NPDES Pretreatment Program in Iowa

Industrial treatment facility.

Beneath the streets of every city, a system of sewers and pumps conveys wastewater away from homes and businesses. This wastewater can contain domestic, commercial, and industrial wastes. The sewer and pump systems that convey wastewater are known as municipal sanitary sewers, and wastewater flows through sewers to a wastewater treatment plant. There, pollutants are removed and the cleansed water is discharged into a nearby waterbody. The residues of the wastewater treatment process (once called sludges, now known as biosolids) are either used productively as a soil conditioner or disposed of as a solid waste.

Industrial facilities are one of the sources of wastewater discharged to municipal sanitary sewers. Industrial wastewater often contains toxic substances and it can pose serious hazards.

Because municipal sewage treatment systems are not designed to treat industrial wastes, these wastes can damage sewers and interfere with treatment plants. Industrial wastes can increase the costs and risks of biosolids treatment and disposal, and can pass through municipal systems untreated, resulting in contamination of waterbodies.

The undesirable effects resulting from the discharge of industrial wastewater to municipal sewers can be prevented. Industrial plants, using proven pollution control technologies, can remove significant amounts of pollutants from their wastewater before discharging it to the municipal sewage treatment system. This practice is known as "pretreatment."

Overview of the Pretreatment Program

Modern pretreatment programs consist of two parts: national pretreatment standards and local pretreatment programs.

National pretreatment standards are uniform national requirements that restrict the level of pollutants in the wastewater from industries. These national standards consist of two sets of rules: "categorical pretreatment standards" and "prohibited discharge standards".

Categorical pretreatment standards: specific requirements for different industries, organized by type of industry. For example, the categorical standard for the iron and steel industry limits pollutants in wastewater discharged by any firm in that industry.

Prohibited discharge standards: prohibit any discharge to municipal sewer systems of certain types of wastes from all sources. For example, the discharge of any wastewater with pH lower than 5.0 is forbidden, since such wastes may corrode the sewer system.

Local pretreatment programs are established by municipalities based on the National Pretreatment Program. The framework for the National Pretreatment Program is contained in EPA's General Pretreatment Regulations. These regulations require all large publicly owned treatment works or POTWs (design flows more than 5 MGD) and smaller POTWs with significant industrial discharges to establish local pretreatment programs. These local pretreatment programs may impose more stringent discharge requirements (i.e., local limits) to prevent disruption of the sewage treatment system, adverse environmental impacts, or disruption of biosolids use or disposal. Thus, the National Pretreatment Program consists of local pretreatment programs designed to meet federal requirements and to accommodate unique local concerns.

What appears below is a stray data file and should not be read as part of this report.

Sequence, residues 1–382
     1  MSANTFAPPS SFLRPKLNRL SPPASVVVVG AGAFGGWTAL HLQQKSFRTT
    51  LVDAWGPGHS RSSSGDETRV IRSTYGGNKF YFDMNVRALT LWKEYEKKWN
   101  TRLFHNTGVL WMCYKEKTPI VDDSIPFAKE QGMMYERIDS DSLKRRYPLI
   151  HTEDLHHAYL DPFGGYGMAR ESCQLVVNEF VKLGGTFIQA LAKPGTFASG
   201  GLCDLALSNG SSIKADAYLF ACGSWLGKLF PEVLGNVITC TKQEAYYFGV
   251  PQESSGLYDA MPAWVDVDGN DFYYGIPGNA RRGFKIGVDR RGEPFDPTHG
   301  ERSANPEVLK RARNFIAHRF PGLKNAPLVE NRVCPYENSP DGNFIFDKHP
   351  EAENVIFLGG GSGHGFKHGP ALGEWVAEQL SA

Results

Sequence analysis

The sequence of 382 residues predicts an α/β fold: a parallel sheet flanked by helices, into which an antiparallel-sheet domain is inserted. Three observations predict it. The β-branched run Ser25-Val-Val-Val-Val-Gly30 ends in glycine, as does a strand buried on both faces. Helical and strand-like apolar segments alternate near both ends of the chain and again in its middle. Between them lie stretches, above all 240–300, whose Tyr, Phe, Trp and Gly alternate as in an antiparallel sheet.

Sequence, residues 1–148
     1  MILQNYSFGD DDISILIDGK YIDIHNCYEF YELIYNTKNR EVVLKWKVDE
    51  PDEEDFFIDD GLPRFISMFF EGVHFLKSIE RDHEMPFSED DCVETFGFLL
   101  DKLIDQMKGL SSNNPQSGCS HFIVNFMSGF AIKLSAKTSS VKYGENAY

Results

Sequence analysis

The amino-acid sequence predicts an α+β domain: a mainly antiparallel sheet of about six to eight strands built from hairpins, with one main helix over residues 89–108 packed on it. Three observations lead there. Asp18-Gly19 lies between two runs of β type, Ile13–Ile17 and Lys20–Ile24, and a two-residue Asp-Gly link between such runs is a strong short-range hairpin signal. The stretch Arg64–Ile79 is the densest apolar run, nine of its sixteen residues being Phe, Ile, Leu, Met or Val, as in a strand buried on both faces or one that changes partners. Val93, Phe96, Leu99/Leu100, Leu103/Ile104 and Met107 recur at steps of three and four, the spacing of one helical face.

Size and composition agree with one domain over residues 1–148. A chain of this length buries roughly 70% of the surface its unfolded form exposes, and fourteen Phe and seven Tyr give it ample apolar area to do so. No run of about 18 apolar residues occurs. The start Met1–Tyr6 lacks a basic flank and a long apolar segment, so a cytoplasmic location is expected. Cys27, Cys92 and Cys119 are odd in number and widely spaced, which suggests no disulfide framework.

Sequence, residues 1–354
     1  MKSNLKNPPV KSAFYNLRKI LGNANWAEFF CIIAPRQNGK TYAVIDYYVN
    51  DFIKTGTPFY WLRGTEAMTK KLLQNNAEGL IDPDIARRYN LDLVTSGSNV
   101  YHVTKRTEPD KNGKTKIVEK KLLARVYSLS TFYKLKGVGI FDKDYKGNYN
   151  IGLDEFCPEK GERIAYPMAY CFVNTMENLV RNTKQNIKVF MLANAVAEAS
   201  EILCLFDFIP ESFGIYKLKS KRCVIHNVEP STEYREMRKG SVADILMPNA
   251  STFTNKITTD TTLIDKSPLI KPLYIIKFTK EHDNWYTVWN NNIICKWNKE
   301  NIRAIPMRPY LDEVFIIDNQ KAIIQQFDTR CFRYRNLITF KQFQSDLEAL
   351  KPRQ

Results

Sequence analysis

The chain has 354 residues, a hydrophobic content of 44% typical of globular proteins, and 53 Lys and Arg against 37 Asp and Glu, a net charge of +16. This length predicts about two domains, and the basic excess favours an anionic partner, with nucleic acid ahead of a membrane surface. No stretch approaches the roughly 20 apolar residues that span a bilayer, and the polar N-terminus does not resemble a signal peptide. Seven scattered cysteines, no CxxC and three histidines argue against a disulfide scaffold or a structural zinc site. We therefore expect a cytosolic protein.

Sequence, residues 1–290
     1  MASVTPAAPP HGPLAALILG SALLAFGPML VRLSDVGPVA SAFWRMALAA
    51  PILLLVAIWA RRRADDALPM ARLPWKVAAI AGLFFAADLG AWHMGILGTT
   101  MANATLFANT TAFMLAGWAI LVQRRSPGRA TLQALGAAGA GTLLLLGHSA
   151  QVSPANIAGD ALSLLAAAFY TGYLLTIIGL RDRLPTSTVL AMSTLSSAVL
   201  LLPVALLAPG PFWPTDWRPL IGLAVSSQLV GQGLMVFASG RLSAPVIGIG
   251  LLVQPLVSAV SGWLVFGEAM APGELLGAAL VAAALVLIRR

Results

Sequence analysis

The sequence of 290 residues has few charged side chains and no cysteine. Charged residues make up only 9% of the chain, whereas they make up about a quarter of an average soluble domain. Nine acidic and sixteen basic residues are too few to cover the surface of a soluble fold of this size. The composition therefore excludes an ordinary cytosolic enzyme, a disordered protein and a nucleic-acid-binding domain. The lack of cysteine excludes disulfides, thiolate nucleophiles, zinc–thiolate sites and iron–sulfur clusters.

In Iowa, the following cities have local pretreatment programs: Ames, Ankeny, Boone, Burlington, Cedar Falls, Cedar Rapids, Clinton, Council Bluffs, Davenport, Des Moines, Dubuque, Fort Dodge, Fort Madison, Iowa City, Keokuk, Marshalltown, Mason City, Muscatine, Ottumwa, Sioux City, and Waterloo. 

Local pretreatment coordinators contact information: Iowa Pretreatment Coordinators

The Need for Pretreatment

Local pretreatment programs are implemented by municipal authorities. These local programs are needed to eliminate potentially serious problems that can occur when industrial wastewater is discharged to municipal sewage systems.

Below is a list of potential problems that can arise from the disposal of industrial wastes.

  • Toxic industrial pollutants may pass through the treatment plant, polluting a receiving water body and threatening aquatic life and human health.
  • Industrial wastes may interfere with the operation of the treatment plant, rendering treatment of other wastes less effective.
  • Industrial wastes containing high levels of toxic metal or organic compounds can contaminate biosolids, making disposal options more expensive and limited.
  • Industrial wastewater can corrode the pipes and equipment in the collection system and at the treatment plant.
  • Highly volatile wastes can explode, causing considerable damage.
  • Some wastes may interact to produce toxic gases, which pose health hazards to workers in the sewers and the treatment plant.

For more information regarding the development a requirements of local pretreatment programs, see the Pretreatment Local Limits page.

For more information regarding treatment agreements between cities and industries, where a city has not established a local pretreatment program, see the Treatment Agreements page.

For questions regarding pretreatment, please contact Ben Hucka at 515/725-8406 or